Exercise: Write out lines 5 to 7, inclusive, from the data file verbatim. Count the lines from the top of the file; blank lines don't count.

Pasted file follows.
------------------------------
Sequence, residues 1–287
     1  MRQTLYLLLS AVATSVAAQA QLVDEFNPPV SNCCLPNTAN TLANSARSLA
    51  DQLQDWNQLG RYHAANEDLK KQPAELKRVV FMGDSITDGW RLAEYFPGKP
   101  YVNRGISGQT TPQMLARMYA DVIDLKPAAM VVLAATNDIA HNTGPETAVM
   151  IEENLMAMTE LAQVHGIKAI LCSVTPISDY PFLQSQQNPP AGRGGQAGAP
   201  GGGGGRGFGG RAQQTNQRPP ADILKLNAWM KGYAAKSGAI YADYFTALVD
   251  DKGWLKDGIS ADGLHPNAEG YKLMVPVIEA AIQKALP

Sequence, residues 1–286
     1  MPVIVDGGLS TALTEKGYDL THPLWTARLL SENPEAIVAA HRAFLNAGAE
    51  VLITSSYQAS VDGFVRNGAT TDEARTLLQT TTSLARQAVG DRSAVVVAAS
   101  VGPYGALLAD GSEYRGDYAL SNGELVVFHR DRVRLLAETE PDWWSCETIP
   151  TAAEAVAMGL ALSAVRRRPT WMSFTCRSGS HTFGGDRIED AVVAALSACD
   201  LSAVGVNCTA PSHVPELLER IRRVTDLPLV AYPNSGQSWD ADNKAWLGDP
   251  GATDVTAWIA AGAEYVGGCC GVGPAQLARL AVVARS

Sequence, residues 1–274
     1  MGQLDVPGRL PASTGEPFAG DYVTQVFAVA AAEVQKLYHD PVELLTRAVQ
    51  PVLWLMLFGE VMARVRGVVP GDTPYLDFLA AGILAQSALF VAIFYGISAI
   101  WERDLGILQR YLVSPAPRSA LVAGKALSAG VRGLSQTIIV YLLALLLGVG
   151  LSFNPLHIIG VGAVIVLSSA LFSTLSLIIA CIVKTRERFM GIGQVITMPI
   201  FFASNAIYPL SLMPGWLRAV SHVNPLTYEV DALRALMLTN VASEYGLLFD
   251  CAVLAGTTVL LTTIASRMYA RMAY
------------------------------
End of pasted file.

   151  IEENLMAMTE LAQVHGIKAI LCSVTPISDY PFLQSQQNPP AGRGGQAGAP
   201  GGGGGRGFGG RAQQTNQRPP ADILKLNAWM KGYAAKSGAI YADYFTALVD
   251  DKGWLKDGIS ADGLHPNAEG YKLMVPVIEA AIQKALP